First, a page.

Guy Greenfield’s house on the north Devon coast, visible only from the sea, embraces its dramatic location with enormous views
Might the answer to building on a cliff be to build another cliff? Along the jagged edges of north Devon, a few miles from the beaches and surf of Woolacombe and Croyde, stands a house with a vertiginous white wall. It draws on the styles of Mediterranean modernism and the case study houses of America’s west coast.
Its architect, Guy Greenfield, has been building in the affluent tourist honeypots of Devon and Cornwall for several years, designing, and often developing, luxurious coastal apartments. His best known project was in quite a different environment alongside the gritty Hammersmith flyover in west London. That doctor’s surgery, with its white carapace of protective shells, was Stirling shortlisted in 2001.
It is the same act of protection that drives the design on this sloping, north facing site. A 10m wall faces the sea, its render slightly roughened in acknowledgement of its marine environment and with a barely discernible touch of silver. To the south, facing into the wooded hillside, the house exposes itself; fully glazed living space and bedrooms open up the section like a dolls house onto a sheltered pool.
The plan puts all the smaller and service spaces at the entrance to the site, garage and extra prep kitchen dug into slope. Once they are dealt with the building extends its narrowing tip of living space towards the next bay along the coast. This living space has views out on both sides, over the pool in one direction and on the other through its protective wall onto a generous balcony from where you can see the Great Hangman cliff rising from the sea, as well as hearing the waves crashing below.
Three partners, including Greenfield, came together to buy the bungalow that previously sat on the site. Its replacement is on the market for £2.5million. It has the pool, a high spec kitchen, electric gates, garage and film room. But it lacks the warmth of inhabitation. And it is also missing the estimated £10,000 blind system and wardrobes, though all is ready for these to be installed to the new owner’s taste. So the white walls can seem rather stark and the feature stairs – one with curving glass balustrade, one an exercise in structural reductiveness with added bracing – feel uncomfortably like set pieces, extravagant furniture in an unfurnished house.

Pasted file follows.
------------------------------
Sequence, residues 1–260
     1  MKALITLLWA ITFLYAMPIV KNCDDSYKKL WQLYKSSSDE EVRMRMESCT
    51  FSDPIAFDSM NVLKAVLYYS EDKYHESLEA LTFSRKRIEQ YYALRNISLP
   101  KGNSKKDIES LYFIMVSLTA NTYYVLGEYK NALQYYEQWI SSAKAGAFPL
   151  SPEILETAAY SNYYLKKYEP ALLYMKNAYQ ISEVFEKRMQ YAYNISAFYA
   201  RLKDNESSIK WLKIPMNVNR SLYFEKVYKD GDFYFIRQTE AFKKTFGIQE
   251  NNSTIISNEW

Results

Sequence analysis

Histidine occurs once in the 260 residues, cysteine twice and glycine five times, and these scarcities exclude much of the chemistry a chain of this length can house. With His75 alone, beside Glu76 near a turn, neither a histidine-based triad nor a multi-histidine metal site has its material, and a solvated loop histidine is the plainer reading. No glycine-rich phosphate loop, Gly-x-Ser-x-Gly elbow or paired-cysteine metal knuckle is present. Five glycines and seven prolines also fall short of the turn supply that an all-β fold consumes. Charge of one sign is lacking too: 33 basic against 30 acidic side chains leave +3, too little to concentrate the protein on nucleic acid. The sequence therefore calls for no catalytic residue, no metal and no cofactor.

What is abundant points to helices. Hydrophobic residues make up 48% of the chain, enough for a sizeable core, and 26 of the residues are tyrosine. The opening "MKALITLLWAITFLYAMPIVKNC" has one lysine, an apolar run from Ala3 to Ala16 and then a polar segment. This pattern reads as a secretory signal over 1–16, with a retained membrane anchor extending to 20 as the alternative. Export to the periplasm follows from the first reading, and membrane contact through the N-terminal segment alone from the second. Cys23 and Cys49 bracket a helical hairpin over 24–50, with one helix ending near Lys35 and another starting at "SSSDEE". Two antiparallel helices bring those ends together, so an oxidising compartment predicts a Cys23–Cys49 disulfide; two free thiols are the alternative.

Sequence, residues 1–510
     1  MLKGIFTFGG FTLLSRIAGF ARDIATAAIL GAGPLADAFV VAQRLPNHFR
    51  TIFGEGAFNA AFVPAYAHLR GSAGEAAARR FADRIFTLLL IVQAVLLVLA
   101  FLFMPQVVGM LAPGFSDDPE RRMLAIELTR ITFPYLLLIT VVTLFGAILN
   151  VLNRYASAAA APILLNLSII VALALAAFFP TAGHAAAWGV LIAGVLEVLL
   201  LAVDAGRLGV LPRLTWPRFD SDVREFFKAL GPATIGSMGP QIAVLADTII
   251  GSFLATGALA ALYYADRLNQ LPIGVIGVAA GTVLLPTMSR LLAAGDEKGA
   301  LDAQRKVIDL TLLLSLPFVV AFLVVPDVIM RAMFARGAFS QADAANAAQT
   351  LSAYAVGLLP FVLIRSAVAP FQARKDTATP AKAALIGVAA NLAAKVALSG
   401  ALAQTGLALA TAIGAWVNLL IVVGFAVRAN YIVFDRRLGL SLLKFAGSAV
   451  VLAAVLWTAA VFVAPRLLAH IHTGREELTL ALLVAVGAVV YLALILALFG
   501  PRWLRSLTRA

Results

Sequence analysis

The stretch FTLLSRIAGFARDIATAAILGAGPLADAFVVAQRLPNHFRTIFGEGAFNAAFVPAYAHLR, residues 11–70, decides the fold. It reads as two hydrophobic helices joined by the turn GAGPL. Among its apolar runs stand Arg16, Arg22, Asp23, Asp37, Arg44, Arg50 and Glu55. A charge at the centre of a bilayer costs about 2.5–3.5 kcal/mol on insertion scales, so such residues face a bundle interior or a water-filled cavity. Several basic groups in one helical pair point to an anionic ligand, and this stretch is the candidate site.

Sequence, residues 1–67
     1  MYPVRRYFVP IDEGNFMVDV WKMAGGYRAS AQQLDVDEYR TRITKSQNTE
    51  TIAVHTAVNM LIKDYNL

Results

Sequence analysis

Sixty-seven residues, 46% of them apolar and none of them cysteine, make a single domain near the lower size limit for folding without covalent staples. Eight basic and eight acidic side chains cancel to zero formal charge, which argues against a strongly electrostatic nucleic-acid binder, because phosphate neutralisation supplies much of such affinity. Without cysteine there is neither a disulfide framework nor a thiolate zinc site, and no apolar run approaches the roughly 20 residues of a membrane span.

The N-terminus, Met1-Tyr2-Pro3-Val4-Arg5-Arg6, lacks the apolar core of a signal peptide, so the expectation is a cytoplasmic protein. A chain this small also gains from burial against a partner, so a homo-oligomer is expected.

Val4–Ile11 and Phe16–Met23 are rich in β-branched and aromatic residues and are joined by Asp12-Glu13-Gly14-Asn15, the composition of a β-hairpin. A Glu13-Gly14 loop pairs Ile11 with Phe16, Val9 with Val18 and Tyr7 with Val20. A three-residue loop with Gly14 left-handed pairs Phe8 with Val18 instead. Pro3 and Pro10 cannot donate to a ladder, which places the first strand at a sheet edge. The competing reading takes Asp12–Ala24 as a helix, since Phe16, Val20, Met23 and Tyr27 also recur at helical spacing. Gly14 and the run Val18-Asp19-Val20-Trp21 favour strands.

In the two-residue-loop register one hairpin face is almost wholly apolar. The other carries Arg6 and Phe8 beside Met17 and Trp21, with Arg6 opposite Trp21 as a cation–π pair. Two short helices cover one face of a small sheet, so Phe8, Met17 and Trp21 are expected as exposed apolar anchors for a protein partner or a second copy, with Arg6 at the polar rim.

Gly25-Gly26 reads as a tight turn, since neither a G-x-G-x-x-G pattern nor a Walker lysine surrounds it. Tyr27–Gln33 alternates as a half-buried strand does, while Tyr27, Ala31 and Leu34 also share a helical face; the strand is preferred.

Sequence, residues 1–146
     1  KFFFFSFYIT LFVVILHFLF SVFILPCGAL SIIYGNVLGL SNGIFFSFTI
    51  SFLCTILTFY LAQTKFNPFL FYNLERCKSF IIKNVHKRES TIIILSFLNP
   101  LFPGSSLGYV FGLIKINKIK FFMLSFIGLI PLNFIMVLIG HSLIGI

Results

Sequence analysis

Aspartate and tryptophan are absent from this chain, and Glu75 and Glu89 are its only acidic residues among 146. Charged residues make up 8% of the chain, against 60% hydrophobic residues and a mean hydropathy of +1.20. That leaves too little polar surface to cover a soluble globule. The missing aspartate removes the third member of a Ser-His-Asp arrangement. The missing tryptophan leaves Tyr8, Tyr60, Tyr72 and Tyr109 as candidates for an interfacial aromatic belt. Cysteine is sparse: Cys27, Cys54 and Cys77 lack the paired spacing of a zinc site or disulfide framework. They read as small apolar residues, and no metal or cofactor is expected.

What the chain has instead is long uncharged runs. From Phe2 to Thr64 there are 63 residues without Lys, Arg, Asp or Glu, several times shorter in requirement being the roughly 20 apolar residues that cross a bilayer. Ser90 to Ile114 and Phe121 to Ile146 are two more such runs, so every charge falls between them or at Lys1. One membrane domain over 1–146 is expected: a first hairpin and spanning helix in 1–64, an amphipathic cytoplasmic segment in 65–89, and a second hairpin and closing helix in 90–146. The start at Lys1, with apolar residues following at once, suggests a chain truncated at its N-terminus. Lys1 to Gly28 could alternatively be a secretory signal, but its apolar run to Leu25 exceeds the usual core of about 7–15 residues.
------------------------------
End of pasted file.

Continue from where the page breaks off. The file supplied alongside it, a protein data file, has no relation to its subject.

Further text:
The entrance feels like the biggest compromise. On paper the steps facing you alongside the protective wall, rising into the glazed slot between it and the main volume, promise to be full of drama. And they are. But there is something about the 15 relatively steep, partially enclosed, grey steps that makes them daunting and rather dreary. From the entrance and parking space, confronted with the blank storeys of the garage end wall and above, you are offered no clues, nothing to suggest the climb will be worth it.
The house’s two ‘cliff’ walls and its position hidden from the road have led Greenfield to call this Stealth House. Of course from the sea shore it is very visible; stealth only in the sense a Bond baddie’s house is stealth. It is only when you breach the fortress walls that you see a different side to coastal living.
£1.12m total contract cost
£2,655/m2 gifa cost
422m2 gifa area
Architect Guy Greenfield Architects
Contractor Digby And Roe
Structural engineer Cooper Associates
M & E consultant Kut Partnership